Every now and again, a reminder comes along that our planet really is unusual in so many fabulous ways. Those reminders don't even have to come from far away – they can be as close as our next-door neighbor.

Similar to Earth, Mars experiences moments where its moons cast shadows on its surface. But "eclipses" on Mars, captured by NASA rovers Opportunity, Curiosity (embedded below), and now Perseverance, are very different from those on Earth.

Mars' moons Phobos ("fear" in Ancient Greek) and Deimos ("dread") circle Mars every 7.65 and 30.35 hours respectively, a relative blink compared to the 27-day orbit of Earth's moon.

They're also a lot smaller than the Moon, and considerably more lumpy – little moontatoes, rather than the nice round disk we see shining so argently in our night sky.

Technically, these events aren't eclipses as we would experience them, but transits that never entirely block out the Sun's light. When Mars' lumpy moonlets pass between the Sun and observers on the Martian surface, they don't cover the star as completely as the Moon can from here on Earth.

Check out an example of a transit as seen by Perseverance in the video below.

It's not hard to picture the Sun as a giant eyeball with a peculiar pupil, tracking something unseen to the surface-bound observer.

Fanciful notions aside, scientists have observed a strange effect on the planet with the passing of Phobos' shadow. The Mars InSight lander, an observatory designed to measure seismic activity, tilts just slightly during these events. Scientists have attributed that slight incline to the deformation of the surface of Mars as a result of the very slight cooling effect from the reduced solar radiation.

Of the two moons, Phobos has the larger silhouette, blocking out as much as 40 percent of the light from the Sun, even when fully swallowed by the glare. Deimos, much farther and smaller, blots out much less light, highlighting just how incredibly special our planet is.

During a total solar eclipse on Earth, the disk of the Moon covers the disk of the Sun, perfectly, even though the Moon is much smaller.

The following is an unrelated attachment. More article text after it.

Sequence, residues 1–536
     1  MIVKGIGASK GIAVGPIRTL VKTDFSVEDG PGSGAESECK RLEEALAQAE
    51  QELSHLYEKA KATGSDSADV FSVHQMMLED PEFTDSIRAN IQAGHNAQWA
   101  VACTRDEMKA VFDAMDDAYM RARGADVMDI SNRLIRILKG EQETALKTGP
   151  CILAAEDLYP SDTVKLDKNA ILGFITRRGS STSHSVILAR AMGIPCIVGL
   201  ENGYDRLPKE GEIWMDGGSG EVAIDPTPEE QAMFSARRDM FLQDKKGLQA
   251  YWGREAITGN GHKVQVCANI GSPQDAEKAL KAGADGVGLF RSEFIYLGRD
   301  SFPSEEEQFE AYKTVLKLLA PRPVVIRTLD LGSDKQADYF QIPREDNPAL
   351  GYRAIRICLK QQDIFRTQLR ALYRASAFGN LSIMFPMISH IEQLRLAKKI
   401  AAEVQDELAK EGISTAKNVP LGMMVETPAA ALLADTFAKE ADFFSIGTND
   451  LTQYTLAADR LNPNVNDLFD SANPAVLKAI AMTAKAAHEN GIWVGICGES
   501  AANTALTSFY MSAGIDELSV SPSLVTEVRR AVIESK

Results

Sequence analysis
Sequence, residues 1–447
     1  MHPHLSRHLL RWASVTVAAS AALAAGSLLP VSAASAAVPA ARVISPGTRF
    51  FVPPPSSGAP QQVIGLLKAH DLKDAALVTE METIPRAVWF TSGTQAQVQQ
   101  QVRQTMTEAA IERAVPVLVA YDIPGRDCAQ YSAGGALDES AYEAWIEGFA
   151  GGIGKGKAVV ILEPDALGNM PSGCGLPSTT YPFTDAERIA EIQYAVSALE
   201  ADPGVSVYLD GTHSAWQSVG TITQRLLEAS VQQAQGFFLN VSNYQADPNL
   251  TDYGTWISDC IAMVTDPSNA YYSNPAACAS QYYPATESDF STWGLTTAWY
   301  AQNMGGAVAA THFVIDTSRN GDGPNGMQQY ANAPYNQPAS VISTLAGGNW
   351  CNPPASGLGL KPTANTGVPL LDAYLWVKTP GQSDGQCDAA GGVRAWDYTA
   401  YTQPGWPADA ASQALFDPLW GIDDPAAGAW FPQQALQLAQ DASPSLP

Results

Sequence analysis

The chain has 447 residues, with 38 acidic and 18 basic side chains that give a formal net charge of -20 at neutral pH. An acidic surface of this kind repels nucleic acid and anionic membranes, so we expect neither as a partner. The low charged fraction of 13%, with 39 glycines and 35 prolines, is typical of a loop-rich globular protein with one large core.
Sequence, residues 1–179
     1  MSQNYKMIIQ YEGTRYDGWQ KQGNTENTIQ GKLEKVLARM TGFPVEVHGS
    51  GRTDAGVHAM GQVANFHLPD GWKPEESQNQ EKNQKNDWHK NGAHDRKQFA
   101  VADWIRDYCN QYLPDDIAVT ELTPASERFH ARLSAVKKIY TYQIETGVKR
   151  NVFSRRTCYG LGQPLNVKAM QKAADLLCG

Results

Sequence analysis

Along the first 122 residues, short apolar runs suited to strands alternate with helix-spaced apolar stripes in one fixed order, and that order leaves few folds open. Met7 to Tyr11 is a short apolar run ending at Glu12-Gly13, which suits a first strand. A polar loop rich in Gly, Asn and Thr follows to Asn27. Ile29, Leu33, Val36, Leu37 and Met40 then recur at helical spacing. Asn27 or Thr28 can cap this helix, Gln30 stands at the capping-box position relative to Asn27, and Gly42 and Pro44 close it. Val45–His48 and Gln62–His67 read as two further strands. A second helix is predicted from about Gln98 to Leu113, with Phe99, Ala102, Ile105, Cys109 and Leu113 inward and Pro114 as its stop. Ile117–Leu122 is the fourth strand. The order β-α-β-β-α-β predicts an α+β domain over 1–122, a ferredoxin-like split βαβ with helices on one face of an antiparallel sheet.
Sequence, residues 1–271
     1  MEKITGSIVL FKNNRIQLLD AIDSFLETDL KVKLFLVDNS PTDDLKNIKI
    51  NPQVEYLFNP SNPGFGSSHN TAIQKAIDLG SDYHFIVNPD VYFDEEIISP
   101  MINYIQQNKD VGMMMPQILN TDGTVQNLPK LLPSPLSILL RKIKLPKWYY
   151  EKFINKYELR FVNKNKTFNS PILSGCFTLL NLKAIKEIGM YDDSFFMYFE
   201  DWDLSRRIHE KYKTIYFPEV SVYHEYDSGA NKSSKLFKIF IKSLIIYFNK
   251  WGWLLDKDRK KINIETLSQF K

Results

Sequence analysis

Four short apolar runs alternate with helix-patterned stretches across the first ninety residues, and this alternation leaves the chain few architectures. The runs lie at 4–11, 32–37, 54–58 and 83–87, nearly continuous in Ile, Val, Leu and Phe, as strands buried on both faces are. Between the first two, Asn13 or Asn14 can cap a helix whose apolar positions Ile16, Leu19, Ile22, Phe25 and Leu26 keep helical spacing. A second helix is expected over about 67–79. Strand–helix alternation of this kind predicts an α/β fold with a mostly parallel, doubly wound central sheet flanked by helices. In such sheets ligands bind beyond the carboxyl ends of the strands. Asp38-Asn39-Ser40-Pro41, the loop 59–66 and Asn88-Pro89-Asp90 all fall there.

This is because of a very fascinating coincidence. The Moon is about 400 times smaller than the Sun. It's also about 400 times closer to Earth than the Sun. This means that the Sun and the Moon appear to be more or less the same size in our sky.

This does vary a bit, because neither Earth's orbit around the Sun nor the Moon's orbit around Earth are perfectly circular. So their sizes can appear slightly bigger or smaller, depending on orbital positions. That's how we get annular eclipses, when the Moon doesn't quite entirely cover the Sun, leaving a ring of light around the Moon's disk.

Even more interestingly, the emergence of our species seems to have occurred just in time to marvel at such perfect eclipses. The Moon started its life much closer to Earth, and is currently moving away at a rate of about 3.82 centimeters (1.5 inches) a year. Give it another 600 million years or so, and total solar eclipses will no longer be possible.

The video below shows Curiosity data of a Deimos "eclipse".

Observing solar eclipses from Earth can teach us cool things about the Sun (and allowed a critical test of general relativity over 100 years ago).

On Mars, scientists can also use eclipses to learn things. They can link the motion of Phobos to its gravitational effect on Mars, and use that information to understand the mysterious Martian interior.

Not to mention predict the eventual fate of Phobos. The moon is inching closer and closer to Mars, and will one day grow so near that Mars' gravity will pull it apart. Then, scientists think, the red planet will temporarily have a ring of Phobos guts.

Tracking Phobos and Deimos across the Martian sky can give more data that will help map and predict this violent fate.

A version of this article was first published in August 2022.